Earlier this week we covered the basics of the strike that threatened to suspend games this weekend and why Del Nido and co. were opposed to it. Well, this morning in Madrid Judge Pujol decided in favor of Sevilla and the rebel clubs: there WILL be games this weekend, the strike is cancelled, and the fight about free-to-air games will have to be fought some other time. I just woke up, and I’m still a bit groggy, but as far as I can tell in everything I’ve read no report, nor any commentary on the matter, nor any comment the judge made in her ruling, explicitly states how this will impact the larger TV revenue debate, other than that losing this little battle today probably would have been a big blow to the rebel faction, and winning likely signals that there will be much more fighting regarding the revenue–Del Nido has already indicated that he intends to take that matter to the courts as well if an agreement isn’t reached beforehand.[This basically level-headed post is about to get a little ranty, and a little long, so let’s break it up a little.]
But it does seem like a big deal all the same–these six smaller clubs stood up to the LFP and the big two, in whose pockets the LFP takes up residence, and prevented them from just steamrolling through whatever changes they deemed necessary or desirous. Now Rosell and Pérez, when they have their weekly brunch and back massage meetings to decide how to pretend to hate each other while working together to bleed the league dry, will have to take the Rebel 6 (hang on, I’m still trying to figure out the best nickname–feel free to offer yours in the comments) more seriously in the long-term.
Meanwhile, for an interesting contrast of courage vs. cowardice, consider Atlético president Enrique Cerezo, who said after the ruling that he was glad the judge decided against the strike. I remind you that his club voted with the majority in favor of the strike, but here he is saying he’s glad it didn’t happen, and that he “had a feeling that the week would be played”, and further: “imagine what would have happened [if there was a strike]”. Wow. Imagine! If the thing you voted for, KNOWING IT WOULD BE BAD, had actually happened! It’s almost as if certain clubs (cough Atletico, Valencia) are beholden to the wishes of the big two because they are being given legacy-based, permanent, favorable shares of the revenue deal. Or maybe certain other clubs are just afraid of what might happen if they oppose Rosell and Pérez. If you think the majority of clubs in La Liga actually want the new TV revenue deal, look no further than this spineless leadership to understand why so many clubs are actively supporting a deal that ensures the continued subsidized dominance of two teams, and the ongoing frustration and failure of the rest. Del Nido’s no hero in many respects (see below), but in an era when the winners and losers are increasingly being decided off the field in executive board rooms, we are seeing most teams’ true colors: Real Madrid and Barcelona just don’t want to compete; they prefer to play a league they are guaranteed to win, and they actively resist giving other teams a fair chance. Atlético and Valencia, similarly, would prefer to give up on actually winning the league if it means they get a head start over the rest of the pack for third place and CL money. Meanwhile, Del Nido, Roig, and the other four are the only brave teams actually willing to play on a level field. I don’t know how fans of the other teams aren’t ashamed of their clubs, but at any rate I’ll always be proud of Sevilla for having the cojones to actually play the games.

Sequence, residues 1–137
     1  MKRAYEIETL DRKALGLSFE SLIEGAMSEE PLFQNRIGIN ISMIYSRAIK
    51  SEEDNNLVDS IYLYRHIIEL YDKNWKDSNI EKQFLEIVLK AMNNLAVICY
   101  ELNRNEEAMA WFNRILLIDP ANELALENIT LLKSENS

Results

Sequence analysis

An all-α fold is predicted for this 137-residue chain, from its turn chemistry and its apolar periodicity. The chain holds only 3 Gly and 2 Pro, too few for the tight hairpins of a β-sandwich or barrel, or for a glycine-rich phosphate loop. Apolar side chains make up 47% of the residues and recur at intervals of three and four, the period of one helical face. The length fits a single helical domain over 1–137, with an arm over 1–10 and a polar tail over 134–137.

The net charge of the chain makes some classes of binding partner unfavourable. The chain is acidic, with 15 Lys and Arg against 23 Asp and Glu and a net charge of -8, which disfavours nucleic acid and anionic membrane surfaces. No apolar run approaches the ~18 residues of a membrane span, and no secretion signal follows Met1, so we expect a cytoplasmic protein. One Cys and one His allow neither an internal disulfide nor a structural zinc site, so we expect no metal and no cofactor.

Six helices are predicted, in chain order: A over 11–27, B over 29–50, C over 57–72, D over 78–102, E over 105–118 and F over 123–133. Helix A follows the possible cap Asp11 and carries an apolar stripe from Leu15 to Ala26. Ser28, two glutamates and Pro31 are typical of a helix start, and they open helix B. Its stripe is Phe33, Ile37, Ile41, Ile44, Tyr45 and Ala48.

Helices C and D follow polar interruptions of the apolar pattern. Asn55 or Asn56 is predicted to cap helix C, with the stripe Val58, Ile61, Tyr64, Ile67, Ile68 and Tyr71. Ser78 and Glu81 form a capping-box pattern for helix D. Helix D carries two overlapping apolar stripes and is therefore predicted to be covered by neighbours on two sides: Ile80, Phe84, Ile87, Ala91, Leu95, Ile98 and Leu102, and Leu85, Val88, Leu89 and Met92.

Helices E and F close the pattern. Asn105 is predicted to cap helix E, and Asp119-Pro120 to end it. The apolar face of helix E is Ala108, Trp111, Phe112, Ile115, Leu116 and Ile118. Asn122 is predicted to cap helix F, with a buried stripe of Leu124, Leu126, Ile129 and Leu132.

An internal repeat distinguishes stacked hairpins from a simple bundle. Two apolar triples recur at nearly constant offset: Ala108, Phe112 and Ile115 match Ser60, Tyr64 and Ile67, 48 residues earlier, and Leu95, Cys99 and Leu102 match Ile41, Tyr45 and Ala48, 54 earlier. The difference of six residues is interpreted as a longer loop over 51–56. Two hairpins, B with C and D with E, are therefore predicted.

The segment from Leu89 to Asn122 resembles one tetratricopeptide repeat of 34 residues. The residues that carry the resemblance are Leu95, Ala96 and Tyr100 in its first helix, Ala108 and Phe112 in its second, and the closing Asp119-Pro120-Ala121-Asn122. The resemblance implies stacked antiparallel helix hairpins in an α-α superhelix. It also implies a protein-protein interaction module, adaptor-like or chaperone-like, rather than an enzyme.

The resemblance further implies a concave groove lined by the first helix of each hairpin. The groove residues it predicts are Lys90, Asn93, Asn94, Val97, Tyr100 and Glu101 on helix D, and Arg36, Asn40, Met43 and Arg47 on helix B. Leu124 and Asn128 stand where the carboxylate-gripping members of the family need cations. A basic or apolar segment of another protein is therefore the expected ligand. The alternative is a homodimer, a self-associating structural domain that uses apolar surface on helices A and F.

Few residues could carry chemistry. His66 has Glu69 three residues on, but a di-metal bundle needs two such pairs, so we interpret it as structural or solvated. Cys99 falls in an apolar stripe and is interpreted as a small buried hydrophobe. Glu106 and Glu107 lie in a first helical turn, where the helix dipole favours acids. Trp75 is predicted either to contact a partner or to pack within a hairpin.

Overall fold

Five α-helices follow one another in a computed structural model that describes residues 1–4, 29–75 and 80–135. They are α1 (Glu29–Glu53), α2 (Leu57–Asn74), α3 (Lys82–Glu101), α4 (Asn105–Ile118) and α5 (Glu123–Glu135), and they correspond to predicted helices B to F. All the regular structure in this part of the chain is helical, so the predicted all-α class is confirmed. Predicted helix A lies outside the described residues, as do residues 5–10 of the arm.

Finally, while I think it’s nice to imagine Del Nido as champion of the people, fighting against a strike to ensure games go on, and fighting against the whole league’s attempt to end free-t0-air games, it’s important to remember that he’s already stated that he’s in favor of making everyone pay for the games, he just wants a bigger piece of that pie. I’m sure if it comes down to it, Del Nido won’t hesitate to threaten a strike next year if that’s what he feels is necessary to get a more just TV revenue deal. So even the “good guys” aren’t really fighting for the fans in this one, unless you count Judge Pujol. Everyone just wants to get paid, it seems.